- Rideshare insurance: Covers any accidents that occur while you are driving for a company like Uber or Lyft.
- New car replacement insurance: Covers the cost of a second car of the same make and model if your own new car is totaled in an accident.
Most of these additional coverages are only available if you’ve bought collision and comprehensive insurance.
Who is covered by car insurance?
An insurance policy covers the individual policyholder who purchases it. If multiple drivers use the same car, policyholders should add these drivers to the policy to ensure that they are also covered when driving the car. If one policyholder drives multiple cars, they should add the cars to the policy so they are all covered on the roads.
Ever wondered who should be added to your car insurance policy? The answer varies from insurer to insurer, but as a general rule, you should add someone to your auto insurance policy if they reside in your household, have a driver’s license and can regularly access your car. This includes:
- A spouse
- Romantic partners
- A nanny or babysitter
- A roommate
Even if someone is not in your immediate family, you can add them to your policy if they frequently drive your car. Not adding them means you risk being denied coverage should they get in an accident.
It’s always a good idea to ask your insurer who is covered under your car insurance policy. Many insurers have what’s known as a "permissive user" clause. This clause guarantees coverage if someone else is driving your car in a one-off situation, such as if you loan your car to an out-of-town guest or ask a friend to drive you home from a party.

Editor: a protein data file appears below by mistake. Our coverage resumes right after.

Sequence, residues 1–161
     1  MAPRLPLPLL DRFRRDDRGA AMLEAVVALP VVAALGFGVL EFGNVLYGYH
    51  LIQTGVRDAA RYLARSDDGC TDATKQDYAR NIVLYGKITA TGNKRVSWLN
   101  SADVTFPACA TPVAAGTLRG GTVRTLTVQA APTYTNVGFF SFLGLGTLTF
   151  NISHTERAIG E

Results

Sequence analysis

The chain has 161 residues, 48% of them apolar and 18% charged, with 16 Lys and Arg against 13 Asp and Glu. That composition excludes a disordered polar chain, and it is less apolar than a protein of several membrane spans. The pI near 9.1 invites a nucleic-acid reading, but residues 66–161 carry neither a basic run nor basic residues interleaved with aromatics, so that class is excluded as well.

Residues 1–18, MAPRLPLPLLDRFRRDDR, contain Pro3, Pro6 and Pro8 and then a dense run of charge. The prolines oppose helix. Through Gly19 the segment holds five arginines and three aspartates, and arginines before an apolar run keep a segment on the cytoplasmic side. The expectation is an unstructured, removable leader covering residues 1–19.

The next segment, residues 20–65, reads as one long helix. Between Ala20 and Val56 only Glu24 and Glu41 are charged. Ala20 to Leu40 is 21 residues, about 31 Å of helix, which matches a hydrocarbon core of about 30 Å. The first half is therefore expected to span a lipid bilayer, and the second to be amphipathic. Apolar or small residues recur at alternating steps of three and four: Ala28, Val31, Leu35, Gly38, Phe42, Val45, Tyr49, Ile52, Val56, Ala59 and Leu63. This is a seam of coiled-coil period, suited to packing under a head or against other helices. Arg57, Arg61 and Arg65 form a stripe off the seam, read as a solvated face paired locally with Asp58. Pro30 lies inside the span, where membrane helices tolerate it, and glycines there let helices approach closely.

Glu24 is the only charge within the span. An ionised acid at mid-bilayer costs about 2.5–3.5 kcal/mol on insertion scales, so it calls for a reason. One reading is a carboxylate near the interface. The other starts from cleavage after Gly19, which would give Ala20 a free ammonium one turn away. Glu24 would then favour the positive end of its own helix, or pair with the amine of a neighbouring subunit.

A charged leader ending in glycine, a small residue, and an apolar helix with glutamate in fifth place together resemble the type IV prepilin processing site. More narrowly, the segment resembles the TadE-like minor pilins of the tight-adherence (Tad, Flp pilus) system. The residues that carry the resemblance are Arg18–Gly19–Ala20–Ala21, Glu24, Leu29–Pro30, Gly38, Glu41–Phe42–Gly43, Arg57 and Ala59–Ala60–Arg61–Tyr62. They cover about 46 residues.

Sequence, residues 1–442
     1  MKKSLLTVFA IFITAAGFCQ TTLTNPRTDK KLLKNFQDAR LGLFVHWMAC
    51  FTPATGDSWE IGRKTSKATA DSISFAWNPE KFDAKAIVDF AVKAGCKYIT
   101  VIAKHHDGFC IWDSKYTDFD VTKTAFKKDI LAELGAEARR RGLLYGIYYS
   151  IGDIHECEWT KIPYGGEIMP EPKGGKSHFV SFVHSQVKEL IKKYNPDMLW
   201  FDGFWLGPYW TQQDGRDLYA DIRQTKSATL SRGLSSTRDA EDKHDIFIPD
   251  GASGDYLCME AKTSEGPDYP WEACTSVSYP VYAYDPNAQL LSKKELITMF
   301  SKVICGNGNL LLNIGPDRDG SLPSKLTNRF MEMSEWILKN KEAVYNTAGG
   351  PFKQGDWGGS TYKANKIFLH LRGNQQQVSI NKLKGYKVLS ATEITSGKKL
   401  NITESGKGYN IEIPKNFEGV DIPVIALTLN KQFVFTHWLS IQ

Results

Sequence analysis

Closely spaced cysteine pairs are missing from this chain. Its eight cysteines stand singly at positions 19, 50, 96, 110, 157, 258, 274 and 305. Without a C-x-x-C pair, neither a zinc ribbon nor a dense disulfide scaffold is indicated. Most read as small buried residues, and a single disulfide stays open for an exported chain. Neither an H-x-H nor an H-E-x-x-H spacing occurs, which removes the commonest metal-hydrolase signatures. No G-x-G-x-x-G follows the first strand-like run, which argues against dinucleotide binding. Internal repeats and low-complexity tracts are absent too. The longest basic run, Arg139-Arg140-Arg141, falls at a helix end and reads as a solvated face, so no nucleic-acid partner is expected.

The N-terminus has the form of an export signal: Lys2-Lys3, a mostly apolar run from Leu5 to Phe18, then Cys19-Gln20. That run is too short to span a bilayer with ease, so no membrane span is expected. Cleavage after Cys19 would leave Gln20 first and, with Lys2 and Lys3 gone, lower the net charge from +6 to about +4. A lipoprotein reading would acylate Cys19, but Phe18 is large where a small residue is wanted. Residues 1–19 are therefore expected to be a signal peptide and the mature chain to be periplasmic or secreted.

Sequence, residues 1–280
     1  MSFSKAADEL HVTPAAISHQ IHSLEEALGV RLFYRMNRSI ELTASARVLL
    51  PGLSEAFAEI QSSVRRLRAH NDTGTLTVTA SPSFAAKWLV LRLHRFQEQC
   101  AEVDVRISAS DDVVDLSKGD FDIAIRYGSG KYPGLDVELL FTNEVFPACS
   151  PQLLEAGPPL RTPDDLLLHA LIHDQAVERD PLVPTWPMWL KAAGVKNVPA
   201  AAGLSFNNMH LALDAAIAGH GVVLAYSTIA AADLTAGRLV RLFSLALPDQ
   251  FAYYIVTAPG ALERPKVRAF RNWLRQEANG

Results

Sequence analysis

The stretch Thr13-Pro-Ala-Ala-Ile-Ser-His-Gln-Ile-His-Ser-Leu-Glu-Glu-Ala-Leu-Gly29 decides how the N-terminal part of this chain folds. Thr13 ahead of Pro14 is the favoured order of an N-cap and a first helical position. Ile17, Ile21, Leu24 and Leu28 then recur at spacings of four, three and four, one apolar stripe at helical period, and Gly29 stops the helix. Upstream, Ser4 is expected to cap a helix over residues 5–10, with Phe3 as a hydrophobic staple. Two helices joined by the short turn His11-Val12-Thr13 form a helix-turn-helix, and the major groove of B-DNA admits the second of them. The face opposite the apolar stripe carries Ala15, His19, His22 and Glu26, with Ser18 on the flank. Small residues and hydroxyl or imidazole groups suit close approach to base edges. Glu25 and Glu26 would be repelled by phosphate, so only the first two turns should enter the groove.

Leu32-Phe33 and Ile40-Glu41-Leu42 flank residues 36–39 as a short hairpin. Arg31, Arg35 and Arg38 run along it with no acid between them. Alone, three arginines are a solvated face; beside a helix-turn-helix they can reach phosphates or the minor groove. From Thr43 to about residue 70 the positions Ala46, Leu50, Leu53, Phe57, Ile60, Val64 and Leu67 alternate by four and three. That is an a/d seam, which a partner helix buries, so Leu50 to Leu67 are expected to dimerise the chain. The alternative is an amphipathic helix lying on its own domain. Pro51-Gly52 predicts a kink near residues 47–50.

Some insurance policies, however, only cover drivers specifically listed on the policy. Clarify who your policy covers and under what circumstances before you let someone not listed on your policy drive your car.
What does car insurance not cover?
Car insurance does not cover non-accident car repairs. In other words, insurers do not offer coverage for repairs that are not the direct result of an accident — with a few key exceptions.
These exceptions may occur if a policyholder has:
- Mechanical breakdown coverage (MBI), which covers major repairs, like bad brakes, a busted engine or transmission problems. This coverage functions like an extended warranty.
- Car problems that result from an accident but emerge later.
- Vehicle damage covered by a warranty.
Additionally, your insurer might not cover you if you use your car to drive for a ride-hailing service. Insurance companies make a distinction between personal and commercial use of cars. If you use your car to give rides via services like Uber and Lyft, you have essentially turned your personal car into a business car.
Laws vary from state to state, and approaches vary from insurer to insurer. Reach out to see if you need to purchase additional insurance to drive for a ride-hailing service.